In Seth Dickinson's highly anticipated debut The Traitor Baru Cormorant, a richly imagined geopolitical fantasy, a young woman from a conquered people tries to transform an empire. Baru Cormorant believes any price is worth paying to liberate her people - even her soul.
When the Empire of Masks conquers her island home, overwrites her culture, criminalizes her customs, and murders one of her fathers, Baru vows to swallow her hate, join the empire's civil service, and claw her way high enough to set her people free. Sent as an imperial agent to distant Aurdwynn, another conquered country, Baru discovers it's on the brink of rebellion. Drawn by the intriguing duchess Tain Hu into a circle of seditious dukes, Baru may be able to use her position to help. As she pursues a precarious balance between the rebels and a shadowy cabal within the empire, she orchestrates a do-or-die gambit with freedom as the prize.
But the cost of winning the long game of saving her people may be far greater than Baru imagines.
©2015 Seth Dickinson (P)2015 Macmillan Audio
A terribly cunning display of the untrustworthy narrator (it's in the title, after all!) Baru is an incredibly engaging protagonist, and this fantastical political thriller keeps you guessing about loyalties, love, and what drives a person to ultimate treachery. This narrative weaves a spectacular warning to the readers: of social injustice, imperialism and the profound danger and power that comes from being truly alone in your mind. Machiavellian machinations in a spectacular feat of world building. Wonderful, wonderful, wonderful.
This is a hard one to recommend as it really depends on your taste. Especially since it's a long book, make sure you know what your getting into before starting.
As a child Baru Cormorant witness the Empire of Masks conquer her homeland. Not through war but with economics, trade policies and cultural assimilation. Baru vows to tear down this empire from the inside by pretending to be loyal to gain power. Will Baru be able to avoid corruption that comes with power, can she stand by and not only watch, but be the instrument of the empire in conquering another culture, or join their rebellion at the cost of her revenge. Will her outlawed secret desires be discovered?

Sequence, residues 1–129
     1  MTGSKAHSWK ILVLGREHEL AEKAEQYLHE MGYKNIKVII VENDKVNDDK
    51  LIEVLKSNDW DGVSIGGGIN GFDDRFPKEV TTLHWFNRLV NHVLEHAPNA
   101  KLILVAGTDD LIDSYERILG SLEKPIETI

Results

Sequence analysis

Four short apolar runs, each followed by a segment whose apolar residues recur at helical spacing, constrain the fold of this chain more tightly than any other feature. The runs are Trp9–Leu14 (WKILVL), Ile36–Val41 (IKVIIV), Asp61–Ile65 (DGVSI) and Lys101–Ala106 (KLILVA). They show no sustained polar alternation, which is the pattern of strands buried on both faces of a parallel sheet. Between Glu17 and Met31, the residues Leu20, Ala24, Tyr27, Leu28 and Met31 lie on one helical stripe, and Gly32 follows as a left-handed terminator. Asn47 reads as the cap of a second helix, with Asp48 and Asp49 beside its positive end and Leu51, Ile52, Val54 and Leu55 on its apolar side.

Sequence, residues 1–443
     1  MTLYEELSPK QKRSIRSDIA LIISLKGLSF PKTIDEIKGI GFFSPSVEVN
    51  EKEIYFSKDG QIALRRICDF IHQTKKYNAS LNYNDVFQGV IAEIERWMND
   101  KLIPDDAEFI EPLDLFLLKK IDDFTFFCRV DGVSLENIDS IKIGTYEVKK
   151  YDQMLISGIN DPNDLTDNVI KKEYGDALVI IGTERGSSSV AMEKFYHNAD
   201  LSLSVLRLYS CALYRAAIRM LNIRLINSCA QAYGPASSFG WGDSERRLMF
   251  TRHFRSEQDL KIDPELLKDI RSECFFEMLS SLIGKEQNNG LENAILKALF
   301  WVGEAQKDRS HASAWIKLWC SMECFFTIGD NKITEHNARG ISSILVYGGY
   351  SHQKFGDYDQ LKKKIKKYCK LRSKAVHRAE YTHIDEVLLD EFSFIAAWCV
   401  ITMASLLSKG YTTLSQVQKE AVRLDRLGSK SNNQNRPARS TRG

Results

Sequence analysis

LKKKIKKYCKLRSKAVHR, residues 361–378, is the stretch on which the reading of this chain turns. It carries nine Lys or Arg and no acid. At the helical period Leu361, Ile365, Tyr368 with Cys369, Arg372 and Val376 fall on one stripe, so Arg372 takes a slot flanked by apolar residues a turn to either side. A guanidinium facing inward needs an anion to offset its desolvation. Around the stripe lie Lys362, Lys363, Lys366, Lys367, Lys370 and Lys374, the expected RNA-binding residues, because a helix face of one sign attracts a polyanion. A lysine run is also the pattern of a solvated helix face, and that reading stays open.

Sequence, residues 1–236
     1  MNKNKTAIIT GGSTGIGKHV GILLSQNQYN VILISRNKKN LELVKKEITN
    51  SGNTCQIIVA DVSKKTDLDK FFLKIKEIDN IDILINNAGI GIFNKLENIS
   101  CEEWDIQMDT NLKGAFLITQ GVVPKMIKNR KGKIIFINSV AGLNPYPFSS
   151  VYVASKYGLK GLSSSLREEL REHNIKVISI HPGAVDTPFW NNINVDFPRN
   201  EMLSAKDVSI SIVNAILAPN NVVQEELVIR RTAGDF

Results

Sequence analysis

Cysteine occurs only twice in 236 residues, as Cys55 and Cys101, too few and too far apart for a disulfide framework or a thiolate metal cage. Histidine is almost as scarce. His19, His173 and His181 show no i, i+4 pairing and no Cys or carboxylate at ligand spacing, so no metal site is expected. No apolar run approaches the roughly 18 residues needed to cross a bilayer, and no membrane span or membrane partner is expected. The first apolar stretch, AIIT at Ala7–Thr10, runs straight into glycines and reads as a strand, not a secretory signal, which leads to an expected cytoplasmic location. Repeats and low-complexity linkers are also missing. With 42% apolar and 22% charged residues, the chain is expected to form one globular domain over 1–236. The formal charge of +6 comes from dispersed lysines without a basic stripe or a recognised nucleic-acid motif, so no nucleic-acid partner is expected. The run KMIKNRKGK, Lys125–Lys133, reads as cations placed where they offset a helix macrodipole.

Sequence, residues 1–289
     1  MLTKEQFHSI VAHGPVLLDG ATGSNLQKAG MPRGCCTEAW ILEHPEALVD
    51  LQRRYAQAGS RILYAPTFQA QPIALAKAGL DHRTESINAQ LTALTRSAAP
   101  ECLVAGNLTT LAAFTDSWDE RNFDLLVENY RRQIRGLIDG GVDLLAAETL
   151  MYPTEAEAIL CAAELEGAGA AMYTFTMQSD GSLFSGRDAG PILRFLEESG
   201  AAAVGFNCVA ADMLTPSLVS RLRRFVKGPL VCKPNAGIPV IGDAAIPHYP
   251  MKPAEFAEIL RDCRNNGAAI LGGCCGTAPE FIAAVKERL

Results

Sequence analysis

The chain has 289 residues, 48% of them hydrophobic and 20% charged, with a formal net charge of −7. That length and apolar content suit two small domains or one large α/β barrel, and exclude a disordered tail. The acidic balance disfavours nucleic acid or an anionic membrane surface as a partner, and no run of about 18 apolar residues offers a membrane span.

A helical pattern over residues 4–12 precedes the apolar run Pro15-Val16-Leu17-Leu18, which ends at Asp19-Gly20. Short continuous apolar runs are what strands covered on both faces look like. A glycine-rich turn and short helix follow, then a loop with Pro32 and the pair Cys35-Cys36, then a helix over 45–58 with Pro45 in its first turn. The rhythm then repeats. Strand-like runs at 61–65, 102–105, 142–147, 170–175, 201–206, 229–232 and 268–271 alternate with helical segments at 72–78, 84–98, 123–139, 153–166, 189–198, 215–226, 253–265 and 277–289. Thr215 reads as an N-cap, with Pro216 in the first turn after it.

It reads like a text book on colonialism. It covers in extreme details everything from economics, taxes & trade policies, cultural assimilation, diplomacy, naval & land battles, and family lineage. Often times it feels like the narrative is secondary to allow the author to show us the vast world his has created.
Personally, while I found most of the technical details interesting, and presented with purpose, it started to bog me down and become tiring the last third or quarter. I really liked the ending, I can't say anything about it without spoiling it but it reminded me of a classic story whose ending I also really liked. I can't say which classic without spoiling.
Read if you're REALLY into world building, how things work behind the scenes in terms of politics, bureaucracy and economics. If you read all the in game lore you can find in video games, then give this a read.
This is the tale of a collaborator, told from her point of view. It tracks her journey throughout her "accomplishments" and betrayals in service of a political system which combines a Nazi like racial philosophy with a sexual one. In the end she becomes part of the system she continuously claims she is trying to subvert from within while becoming more like their ideal than them. It is only a few times that she shows any hint of humanity and her weaknesses are clearly paper tigers to be knocked over. Needless to say it becomes both highly predictable and unrealistic, which means it can only be a shadow of great works like 1984. At the end the author tries once again to excuse her loyalty to party over friends or family, even to ordering their death, but it rings hollow. Despite the hype, I suggest you skip this one.